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Controversy brews over remains of Kennewick Man
Tacoma News Tribune


July 29, 2005

WASHINGTON - Though his 9,300-year-old remains lay in a Seattle museum, Kennewick Man is at the center of a debate over a two-word amendment to a Senate bill that has sparked sharp controversy between the nation's Indian tribes and parts of the scientific community.

At a Senate Indian Affairs Committee hearing Thursday, tribal representatives laid claim to ancient remains like those of Kennewick Man, while scientists insisted they needed to study such remains if they are ever to understand the earliest inhabitants of North America.

Meanwhile, the Bush administration appeared to flip-flop on the issue and now believes a "genetic link" would have to be established before Kennewick Man and other similar skeletons could be turned over to the tribes for burial.

The committee already has approved the amendment to a technical corrections bill, but it was stripped out before the full Senate acted.

The amendment, to the Native American Graves Protection and Repatriation Act, would reverse a federal appeals court order and ensure federally recognized tribes could claim ancient remains even if a direct link to the tribe can't be proven.

"It doesn't matter if it is two words or 100 words. Words have meaning," said North Dakota Sen. Bryon Dorgan, the top Democrat on the committee. "This is a very emotional issue and a spiritual issue. It is not an easy issue to deal with."

The dispute dates to 1996, when two men stumbled upon a skeleton along the banks of the Columbia River while attending a hydroplane race in Kennewick, Wash. The Army Corps of Engineers laid claim to the skeleton, originally thought to be those of a white settler, and was going to turn the remains over to local tribes. The tribes, the Umatilla, Yakama, Nez Perce and Colville, wanted to bury the bones before they could be studied.

But scientists filed suit, insisting the remains, dubbed Kennewick Man, could not be linked to any of the tribes. Initial tests showed the skeleton was 9,300 years old, and some scientists suggested that rather than resembling Native Americans, the skeleton was more similar to the prehistoric Jomon of Japan, or Polynesians or Caucasians.

A federal judge in Portland, Ore., and the 9th U.S. Circuit Court of Appeals agreed with the scientists, who recently spent 10 days examining Kennewick Man at the Burke Museum at the University of Washington. Their report is due in October.

Since the appeals court ruling, the tribes have sought to have Congress clarify the law by adding "or was" to a definition of ancient Native American. The new definition would say that when it comes to ancient remains, Native American refers to a member of a tribe or culture that is or was indigenous to the United States.

Without the change, more than 100,000 human remains currently held in museums and other collections would no longer be protected by the statute, said Walter Echo-Hawk, an attorney with the Native American Rights Fund.

If the appeals court decision was allowed to stand, Echo-Hark said, "museums and agencies are free to make unilateral determination affecting the classification, treatment and disposition of these dead without any consultation with Indian tribes."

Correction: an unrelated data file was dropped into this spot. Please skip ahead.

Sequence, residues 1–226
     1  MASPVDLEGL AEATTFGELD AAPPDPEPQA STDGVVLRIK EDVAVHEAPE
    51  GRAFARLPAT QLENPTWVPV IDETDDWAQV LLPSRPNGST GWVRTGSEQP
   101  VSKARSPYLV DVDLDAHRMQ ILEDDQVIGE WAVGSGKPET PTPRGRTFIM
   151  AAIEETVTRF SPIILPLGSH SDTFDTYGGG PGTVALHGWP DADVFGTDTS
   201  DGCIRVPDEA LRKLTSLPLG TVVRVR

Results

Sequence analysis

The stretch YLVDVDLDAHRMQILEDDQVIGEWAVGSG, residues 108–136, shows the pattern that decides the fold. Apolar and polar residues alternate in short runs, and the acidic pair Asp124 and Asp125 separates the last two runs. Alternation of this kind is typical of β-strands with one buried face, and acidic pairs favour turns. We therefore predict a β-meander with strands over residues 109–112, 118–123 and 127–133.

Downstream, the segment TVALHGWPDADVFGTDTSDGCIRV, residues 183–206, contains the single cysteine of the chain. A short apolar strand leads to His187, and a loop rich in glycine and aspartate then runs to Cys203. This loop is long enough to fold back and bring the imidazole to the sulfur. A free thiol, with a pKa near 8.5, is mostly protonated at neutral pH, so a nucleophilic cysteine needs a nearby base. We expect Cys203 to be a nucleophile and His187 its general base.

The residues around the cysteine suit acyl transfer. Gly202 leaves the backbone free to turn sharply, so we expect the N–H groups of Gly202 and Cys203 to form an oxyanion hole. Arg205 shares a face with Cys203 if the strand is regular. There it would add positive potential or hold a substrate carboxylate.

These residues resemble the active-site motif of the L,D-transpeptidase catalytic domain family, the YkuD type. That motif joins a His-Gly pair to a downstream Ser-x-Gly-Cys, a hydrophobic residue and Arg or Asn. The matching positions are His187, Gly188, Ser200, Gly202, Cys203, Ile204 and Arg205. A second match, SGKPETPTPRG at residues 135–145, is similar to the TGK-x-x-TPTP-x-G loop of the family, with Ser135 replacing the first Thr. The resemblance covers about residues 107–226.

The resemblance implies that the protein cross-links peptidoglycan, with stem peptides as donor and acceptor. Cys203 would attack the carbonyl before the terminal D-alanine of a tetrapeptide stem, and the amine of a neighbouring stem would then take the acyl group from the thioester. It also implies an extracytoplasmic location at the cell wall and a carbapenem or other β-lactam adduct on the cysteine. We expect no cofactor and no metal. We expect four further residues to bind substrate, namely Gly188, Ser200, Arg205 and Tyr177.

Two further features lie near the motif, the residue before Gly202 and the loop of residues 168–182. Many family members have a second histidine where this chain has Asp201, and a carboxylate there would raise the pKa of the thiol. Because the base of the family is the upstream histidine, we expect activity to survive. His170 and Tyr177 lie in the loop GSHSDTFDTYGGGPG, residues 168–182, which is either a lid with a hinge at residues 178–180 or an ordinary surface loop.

Paul Bender, an Arizona State University law professor who helped write the original law, said the appeals court decision ran contrary to the statute, which was intended to cover skeletal remains even if no relationship was established to an existing tribe.

"If there are no lineal descendants, the materials are to go to the Indian tribe on whose land the materials were discovered or to the tribe that that has the closest cultural affiliation with the materials," Bender said.

But a lawyer for the scientists who filed the Kennewick Man lawsuit disagreed.

"We had a national treasure that was going to go back into the ground without ever being examined," said Paula Barran, a Portland attorney.

The Bush administration originally supported the Army Corps of Engineers decision to turn Kennewick Man over to the tribes and filed a brief before the appeals court arguing that was what the statute required.

However, Paul Hoffman, the Interior Department's deputy assistant secretary for fish, wildlife and parks, testified Thursday that the administration would oppose the amendment to clarify the existing law.

Hoffman said the administration believed the law should "protect the sensibilities of currently existing tribes, cultures and people while balancing the need to learn about past cultures and customs."

"In the situation where remains are not significantly related to any existing tribe, people or culture, they should be available for appropriate scientific analysis. The proposed legislation would shift away from this balance."

Sen. John McCain, R-Ariz., chairman of the committee, was not pleased at the administration's change in position. He said the amendment was "consistent" with the original intent of the law.

After the hearing, a McCain aide said the amendment was mum when it came to whether it could be retroactively applied to Kennewick Man, adding that the committee had received differing opinions from lawyers.

Asked whether a compromise was possible. McCain told reporters, "You can't forget that the desecration of Indian remains was a common and obscene practice for centuries. This (Kennewick Man) is kind of a unique situation. But for us to do anything that would undermine our ability to finally prevent that kind of disgraceful practice is something we want to prevent."


Distributed by Scripps-McClatchy Western Service,

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